Price gouging is the lowest form of commerce and social tools should shine lights on the practice

Cash for containers (still from NT Govt ad)The introduction of cash for containers in the Northern Territory has raised the temperature in public debate.

While some argument is about the merits of the scheme (which we have lived with down south for decades and gives my little girls incentive for separating containers for pocket money) much angst has come about due to suspicions of price gouging.

Price gouging is where merchants take advantages of shortages or confusion in a market and use that situation to inflate prices disproportionately. You know what I mean – the sort of thing the banks do whenever the Reserve Bank adjusts interests rates 🙂

Here in the Territory, the finger of blame is being pointed at retailers and manufacturers for exploiting this transition period to inflate prices more than they should.

Ignoring the question about whether or not the scheme should have been introduced, my point is that sharing of fair AND unfair pricing and price increases on Facebook, Twitter and Foursquare could be a useful tool for keeping players honest.

In fact, it already is.

Consumers are getting smarter

I have been working with some tourism operators in Darwin over the last few years and have been struck by the impact that online comments on Google Places, Trip Advisor and, increasingly, Foursquare, are having on businesses.

These online sites appear prominently in search results and the comments by ‘others’ can lead to more business or less business.

Here are a couple of examples. I am staying at Mantra on Esplanade this week and a comment in Foursquare about the premises reads:

Voo H.: Absurdly high internet prices! But maybe that’s the case for all Darwin hotels…

David: The one bedroom option comes with washing machine / drier, kitchen and balcony. Definitely worth it.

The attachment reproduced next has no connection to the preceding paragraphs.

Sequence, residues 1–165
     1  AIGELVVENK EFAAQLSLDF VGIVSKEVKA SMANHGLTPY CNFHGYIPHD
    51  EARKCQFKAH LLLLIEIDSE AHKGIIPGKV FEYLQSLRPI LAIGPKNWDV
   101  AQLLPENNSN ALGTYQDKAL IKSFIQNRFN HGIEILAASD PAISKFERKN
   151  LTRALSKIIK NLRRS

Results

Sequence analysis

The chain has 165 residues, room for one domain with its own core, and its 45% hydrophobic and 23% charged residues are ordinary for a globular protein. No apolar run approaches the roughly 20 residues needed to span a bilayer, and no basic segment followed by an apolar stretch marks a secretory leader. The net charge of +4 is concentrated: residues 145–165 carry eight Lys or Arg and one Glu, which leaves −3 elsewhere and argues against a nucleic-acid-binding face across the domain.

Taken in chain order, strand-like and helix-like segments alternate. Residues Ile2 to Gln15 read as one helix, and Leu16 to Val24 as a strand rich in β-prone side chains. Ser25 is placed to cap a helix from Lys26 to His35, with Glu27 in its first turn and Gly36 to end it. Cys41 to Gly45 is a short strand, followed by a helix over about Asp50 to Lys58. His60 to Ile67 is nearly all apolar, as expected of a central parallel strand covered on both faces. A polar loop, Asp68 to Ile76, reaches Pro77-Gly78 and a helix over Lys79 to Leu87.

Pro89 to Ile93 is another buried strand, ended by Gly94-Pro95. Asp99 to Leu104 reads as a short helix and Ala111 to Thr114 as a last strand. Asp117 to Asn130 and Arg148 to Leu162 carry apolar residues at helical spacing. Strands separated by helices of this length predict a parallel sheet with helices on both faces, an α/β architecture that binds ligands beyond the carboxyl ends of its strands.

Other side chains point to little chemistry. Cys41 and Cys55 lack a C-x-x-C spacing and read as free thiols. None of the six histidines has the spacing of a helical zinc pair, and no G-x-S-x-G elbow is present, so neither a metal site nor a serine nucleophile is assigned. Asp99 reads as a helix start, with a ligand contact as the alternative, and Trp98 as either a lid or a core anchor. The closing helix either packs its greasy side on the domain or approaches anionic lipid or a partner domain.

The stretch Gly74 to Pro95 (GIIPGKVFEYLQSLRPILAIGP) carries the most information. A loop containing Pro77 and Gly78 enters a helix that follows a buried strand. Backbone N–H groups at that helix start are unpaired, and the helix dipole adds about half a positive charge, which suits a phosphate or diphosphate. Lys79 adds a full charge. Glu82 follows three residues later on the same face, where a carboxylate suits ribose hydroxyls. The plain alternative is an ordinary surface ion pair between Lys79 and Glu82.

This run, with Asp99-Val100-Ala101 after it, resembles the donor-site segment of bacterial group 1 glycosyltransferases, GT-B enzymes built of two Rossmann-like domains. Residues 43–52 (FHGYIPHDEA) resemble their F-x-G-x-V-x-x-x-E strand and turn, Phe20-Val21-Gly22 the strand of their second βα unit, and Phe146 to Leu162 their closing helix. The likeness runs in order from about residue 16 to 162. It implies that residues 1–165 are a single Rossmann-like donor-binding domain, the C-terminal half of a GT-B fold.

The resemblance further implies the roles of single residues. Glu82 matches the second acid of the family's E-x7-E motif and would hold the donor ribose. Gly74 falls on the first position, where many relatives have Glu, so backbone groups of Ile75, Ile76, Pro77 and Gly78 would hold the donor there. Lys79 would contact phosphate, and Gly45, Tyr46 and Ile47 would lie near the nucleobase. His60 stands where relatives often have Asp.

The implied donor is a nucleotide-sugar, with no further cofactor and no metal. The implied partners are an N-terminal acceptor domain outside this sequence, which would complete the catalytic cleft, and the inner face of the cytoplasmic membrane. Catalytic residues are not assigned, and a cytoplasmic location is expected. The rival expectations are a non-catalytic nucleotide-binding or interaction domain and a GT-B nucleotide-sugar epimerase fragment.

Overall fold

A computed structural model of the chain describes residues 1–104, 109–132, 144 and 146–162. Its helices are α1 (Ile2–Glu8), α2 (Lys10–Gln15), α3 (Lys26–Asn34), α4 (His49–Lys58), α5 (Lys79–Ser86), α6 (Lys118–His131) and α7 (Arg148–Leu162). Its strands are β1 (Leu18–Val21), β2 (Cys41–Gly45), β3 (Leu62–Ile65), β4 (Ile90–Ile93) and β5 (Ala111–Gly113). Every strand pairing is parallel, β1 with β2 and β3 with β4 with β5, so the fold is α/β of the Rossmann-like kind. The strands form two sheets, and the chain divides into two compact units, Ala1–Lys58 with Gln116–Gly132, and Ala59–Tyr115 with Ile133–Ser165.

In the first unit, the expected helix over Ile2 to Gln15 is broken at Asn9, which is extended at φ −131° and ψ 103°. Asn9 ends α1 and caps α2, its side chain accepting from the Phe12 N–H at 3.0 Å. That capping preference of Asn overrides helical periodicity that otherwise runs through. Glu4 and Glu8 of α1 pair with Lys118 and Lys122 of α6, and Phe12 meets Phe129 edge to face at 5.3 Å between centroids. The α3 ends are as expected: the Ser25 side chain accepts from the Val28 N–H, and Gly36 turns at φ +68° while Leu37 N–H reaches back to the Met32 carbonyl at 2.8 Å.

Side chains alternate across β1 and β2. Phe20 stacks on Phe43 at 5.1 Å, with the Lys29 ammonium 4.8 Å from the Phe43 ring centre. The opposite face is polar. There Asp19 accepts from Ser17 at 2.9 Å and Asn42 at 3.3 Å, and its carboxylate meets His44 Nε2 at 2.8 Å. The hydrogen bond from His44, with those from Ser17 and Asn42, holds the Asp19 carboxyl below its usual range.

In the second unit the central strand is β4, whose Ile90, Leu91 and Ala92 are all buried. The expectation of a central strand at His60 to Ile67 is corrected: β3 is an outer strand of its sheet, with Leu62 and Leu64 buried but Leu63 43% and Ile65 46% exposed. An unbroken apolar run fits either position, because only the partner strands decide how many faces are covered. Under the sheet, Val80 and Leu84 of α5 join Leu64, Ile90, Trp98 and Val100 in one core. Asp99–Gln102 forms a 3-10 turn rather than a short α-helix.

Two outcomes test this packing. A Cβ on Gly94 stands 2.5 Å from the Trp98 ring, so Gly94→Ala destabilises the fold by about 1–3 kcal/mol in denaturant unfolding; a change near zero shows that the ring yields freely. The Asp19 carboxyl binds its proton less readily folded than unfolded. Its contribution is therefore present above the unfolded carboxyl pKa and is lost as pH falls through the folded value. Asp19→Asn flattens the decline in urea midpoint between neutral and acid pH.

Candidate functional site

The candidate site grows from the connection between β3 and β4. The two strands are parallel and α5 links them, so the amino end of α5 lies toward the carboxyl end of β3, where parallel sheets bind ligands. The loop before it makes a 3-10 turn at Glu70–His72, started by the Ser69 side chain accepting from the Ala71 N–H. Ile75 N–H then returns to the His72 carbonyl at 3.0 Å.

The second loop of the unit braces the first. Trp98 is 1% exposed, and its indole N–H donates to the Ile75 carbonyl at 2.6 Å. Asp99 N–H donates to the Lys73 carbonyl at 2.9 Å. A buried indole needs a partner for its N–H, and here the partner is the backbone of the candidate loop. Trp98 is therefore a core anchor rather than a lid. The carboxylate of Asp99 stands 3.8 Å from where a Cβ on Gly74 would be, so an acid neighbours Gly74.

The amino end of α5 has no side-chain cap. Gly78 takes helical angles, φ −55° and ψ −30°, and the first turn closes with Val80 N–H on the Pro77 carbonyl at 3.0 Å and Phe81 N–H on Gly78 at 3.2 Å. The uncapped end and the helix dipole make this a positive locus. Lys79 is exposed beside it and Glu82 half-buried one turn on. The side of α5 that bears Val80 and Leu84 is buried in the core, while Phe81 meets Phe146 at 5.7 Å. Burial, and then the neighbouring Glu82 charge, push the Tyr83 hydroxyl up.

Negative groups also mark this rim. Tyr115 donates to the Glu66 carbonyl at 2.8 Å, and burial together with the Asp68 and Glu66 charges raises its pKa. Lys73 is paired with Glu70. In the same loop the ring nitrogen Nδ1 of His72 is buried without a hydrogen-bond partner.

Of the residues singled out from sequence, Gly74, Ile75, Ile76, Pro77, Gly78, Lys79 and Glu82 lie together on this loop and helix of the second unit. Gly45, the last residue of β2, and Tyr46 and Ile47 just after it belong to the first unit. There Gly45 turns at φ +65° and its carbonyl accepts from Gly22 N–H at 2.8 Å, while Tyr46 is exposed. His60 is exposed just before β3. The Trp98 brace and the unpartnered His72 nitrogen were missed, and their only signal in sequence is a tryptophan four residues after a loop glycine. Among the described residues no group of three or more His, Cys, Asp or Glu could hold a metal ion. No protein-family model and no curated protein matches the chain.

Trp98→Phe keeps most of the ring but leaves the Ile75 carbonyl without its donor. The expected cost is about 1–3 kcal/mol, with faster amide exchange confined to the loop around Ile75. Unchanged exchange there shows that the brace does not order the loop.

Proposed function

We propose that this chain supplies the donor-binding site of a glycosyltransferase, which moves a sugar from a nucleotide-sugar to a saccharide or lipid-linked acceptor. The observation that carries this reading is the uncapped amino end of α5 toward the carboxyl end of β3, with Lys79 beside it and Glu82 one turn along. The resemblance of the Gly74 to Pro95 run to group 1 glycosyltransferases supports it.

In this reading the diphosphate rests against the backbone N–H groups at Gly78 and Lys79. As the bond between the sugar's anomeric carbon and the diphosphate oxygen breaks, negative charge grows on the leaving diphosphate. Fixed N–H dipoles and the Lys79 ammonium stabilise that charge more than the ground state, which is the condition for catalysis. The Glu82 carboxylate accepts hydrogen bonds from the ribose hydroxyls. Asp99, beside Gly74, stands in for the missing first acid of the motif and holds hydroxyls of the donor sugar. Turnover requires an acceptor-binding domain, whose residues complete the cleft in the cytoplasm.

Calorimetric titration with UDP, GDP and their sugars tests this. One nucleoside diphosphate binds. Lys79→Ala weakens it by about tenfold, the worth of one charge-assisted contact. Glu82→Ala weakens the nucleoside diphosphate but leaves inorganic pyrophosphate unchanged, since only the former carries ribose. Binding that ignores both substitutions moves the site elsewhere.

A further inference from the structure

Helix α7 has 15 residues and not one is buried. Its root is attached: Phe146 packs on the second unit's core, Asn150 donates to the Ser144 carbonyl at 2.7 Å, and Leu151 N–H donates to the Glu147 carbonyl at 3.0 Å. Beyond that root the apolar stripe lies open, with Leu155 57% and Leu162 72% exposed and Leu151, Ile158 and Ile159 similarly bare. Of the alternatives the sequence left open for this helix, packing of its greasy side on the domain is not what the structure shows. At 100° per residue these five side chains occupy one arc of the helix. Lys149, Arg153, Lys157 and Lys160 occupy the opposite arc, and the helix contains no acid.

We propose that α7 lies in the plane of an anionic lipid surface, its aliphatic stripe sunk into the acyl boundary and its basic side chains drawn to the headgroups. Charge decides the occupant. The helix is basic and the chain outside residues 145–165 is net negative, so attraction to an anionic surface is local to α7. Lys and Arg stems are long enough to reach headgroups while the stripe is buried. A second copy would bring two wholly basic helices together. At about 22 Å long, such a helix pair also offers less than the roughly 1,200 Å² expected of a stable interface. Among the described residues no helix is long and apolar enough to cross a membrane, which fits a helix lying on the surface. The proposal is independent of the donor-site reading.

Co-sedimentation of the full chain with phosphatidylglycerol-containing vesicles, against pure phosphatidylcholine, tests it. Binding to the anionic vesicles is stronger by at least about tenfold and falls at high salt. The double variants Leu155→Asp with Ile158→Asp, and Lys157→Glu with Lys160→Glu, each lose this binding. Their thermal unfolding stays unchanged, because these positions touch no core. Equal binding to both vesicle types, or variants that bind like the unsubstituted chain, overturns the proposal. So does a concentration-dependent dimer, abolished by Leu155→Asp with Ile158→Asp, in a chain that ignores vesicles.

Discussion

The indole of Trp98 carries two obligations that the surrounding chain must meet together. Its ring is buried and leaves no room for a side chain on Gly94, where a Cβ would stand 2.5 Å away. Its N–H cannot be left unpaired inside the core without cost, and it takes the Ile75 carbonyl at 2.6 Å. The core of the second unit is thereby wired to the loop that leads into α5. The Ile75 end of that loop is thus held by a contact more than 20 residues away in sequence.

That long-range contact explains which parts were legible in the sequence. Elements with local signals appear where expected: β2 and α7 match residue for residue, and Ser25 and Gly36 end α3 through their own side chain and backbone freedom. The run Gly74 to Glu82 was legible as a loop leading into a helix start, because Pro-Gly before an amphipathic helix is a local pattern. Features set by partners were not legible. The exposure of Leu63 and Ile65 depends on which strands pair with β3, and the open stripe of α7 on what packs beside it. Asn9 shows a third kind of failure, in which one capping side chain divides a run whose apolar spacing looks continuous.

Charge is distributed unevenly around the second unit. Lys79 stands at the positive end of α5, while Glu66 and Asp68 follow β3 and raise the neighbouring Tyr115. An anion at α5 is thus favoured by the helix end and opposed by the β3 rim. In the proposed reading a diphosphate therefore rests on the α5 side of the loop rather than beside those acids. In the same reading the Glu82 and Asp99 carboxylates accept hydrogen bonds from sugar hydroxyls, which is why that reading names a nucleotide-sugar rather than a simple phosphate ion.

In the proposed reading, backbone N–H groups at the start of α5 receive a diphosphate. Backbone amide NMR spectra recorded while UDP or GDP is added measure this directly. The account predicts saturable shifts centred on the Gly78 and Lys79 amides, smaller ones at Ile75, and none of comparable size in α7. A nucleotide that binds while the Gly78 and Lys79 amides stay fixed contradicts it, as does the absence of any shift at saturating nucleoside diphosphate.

These comments swirl around the net, informing consumers who are yet to appear.

Voo H’s comment has already spurred one of my clients to use free wifi as a differentiator in the market, to great effect.

What these comments give us is ‘inside information’ from ‘someone like us.

Interestingly, pubs, clubs and other drink sellers are in a market sector where usage of these social tools is extraordinarily high. The watering hole telegraph will spread good or bad news like wildfire and the drinkers may well follow.

My thinking is that a social reputation is likely to have more impact on the beverage-consuming market that a name and shame by Consumer Affairs.

A deeper issue

Deeper than naming and shaming, the issue of price gouging, where it happens, is one that says a lot about attitudes towards customers.

I believe that exploiting scarcity or confusion for short term gain, reveals a wrong-mindedness. How can you look me in the eye, a loyal customer, and charge me an exhorbitant price today (blamed on container deposits or washed away rail track) and then expect me to remain faithful to you tomorrow?

These moments in time when conditions are ripe for exploiting ‘supply and demand’ economics, give businesses an opportunity to show their true colours.

I always marvel at the price-gouging that takes place in hotel minibars and wifi pricing under the name of ‘convenience’.

While most operators see these elements as opportunity for milking guests for easy money, I am sure the market will reward those who think differently and see these elements as ways to enhance the customer experience and build real trust and loyalty.

Just imagine the fodder created for sharing on social networks:

Steve D: Enjoying free wifi in my room while sipping on a lemonade from the minibar that I paid a decent price for. #winning

I would love to know what you think.

 

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